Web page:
Court Of Protection - Some Useful Information
The Mental Capacity Act
The Mental Capacity Act 2005 applies to England and Wales and provides a framework to empower and protect people who may lack capacity to make certain decisions for themselves.
The Mental Capacity Act is supported by a Code of Practice that provides guidance to all those who care for and/or make decisions on behalf of those who lack capacity. The Code includes case studies and clearly explains in more detail the key features of the Act.
The Court of Protection
The Court of Protection is the specialist court for all issues relating to people who lack capacity to make specific decisions. The Court can make decisions and appoint deputies to make decisions about someone’s property and financial affairs or their healthcare and personal welfare.
Under the Mental Capacity Act, the Court has the power to:
• make decisions about the personal welfare or property and financial affairs of people who lack the capacity to make such decisions themselves;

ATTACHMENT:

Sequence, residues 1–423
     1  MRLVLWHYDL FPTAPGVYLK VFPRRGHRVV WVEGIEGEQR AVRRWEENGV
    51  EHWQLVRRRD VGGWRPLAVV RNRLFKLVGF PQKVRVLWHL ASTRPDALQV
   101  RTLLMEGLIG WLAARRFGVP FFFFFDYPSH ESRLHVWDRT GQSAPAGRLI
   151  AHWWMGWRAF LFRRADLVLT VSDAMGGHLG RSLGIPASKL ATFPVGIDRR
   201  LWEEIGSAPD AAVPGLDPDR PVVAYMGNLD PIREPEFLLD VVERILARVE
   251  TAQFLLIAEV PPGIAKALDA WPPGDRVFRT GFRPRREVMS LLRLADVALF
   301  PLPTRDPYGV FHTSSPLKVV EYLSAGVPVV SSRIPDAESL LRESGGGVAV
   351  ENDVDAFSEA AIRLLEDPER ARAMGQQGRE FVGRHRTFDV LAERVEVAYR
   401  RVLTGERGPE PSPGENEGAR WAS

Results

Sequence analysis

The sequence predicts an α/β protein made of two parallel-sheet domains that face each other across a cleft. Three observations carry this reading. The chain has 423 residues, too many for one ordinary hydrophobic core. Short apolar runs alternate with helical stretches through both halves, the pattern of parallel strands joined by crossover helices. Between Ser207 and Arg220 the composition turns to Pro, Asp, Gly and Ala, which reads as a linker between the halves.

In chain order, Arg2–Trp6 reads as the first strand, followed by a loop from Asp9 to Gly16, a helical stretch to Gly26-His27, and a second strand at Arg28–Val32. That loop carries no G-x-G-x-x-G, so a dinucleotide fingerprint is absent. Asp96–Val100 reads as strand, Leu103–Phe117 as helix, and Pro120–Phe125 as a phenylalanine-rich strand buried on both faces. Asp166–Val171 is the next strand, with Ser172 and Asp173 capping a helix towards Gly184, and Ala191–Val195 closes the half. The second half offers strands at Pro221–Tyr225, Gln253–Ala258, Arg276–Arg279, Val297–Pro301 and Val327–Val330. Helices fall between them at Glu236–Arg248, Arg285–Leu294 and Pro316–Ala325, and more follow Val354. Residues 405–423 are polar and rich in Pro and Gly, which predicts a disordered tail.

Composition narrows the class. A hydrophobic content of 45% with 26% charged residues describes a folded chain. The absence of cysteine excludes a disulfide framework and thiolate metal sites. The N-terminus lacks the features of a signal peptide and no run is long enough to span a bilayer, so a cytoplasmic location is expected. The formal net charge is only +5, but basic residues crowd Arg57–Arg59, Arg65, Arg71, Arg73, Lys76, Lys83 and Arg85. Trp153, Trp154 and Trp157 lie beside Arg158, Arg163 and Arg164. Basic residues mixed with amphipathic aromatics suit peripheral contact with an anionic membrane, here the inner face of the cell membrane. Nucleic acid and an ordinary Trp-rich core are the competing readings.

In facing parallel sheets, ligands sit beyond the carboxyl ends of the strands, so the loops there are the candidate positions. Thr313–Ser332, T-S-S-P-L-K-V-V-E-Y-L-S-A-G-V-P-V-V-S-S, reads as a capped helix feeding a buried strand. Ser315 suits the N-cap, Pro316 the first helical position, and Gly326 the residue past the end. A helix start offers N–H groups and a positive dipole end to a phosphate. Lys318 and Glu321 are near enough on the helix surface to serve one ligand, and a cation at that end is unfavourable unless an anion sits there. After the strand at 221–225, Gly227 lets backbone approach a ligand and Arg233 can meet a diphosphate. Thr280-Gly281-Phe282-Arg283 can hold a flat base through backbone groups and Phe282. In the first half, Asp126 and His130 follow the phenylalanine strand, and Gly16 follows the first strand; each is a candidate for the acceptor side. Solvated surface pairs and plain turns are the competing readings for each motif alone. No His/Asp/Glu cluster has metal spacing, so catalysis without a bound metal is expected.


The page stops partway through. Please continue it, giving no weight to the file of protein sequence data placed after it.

• make declarations about a person’s capacity to make a decision, if the matter of whether they can make a decision cannot be resolved informally;
• make decisions in relation to serious medical treatment cases, which relate to providing, withdrawing or withholding treatment to a person who lacks capacity;
• appoint a Deputy to make ongoing decisions on behalf of a person who lacks capacity, in relation to either the person’s personal welfare or property and financial affairs; and
• make decisions about a Lasting Power of Attorney or Enduring Power of Attorney, including whether the power is valid, objections to registration, the scope of Attorney powers and the removal of Attorney powers.
The Office of the Public Guardian
The Public Guardian (supported by the Office of the Public Guardian) is responsible under the Mental Capacity Act for:
• supervising deputies appointed by the Court of Protection;
• keeping registers of deputies, Lasting Powers of Attorney and Enduring Powers of Attorney; and
• investigating any complaints about attorneys or deputies.
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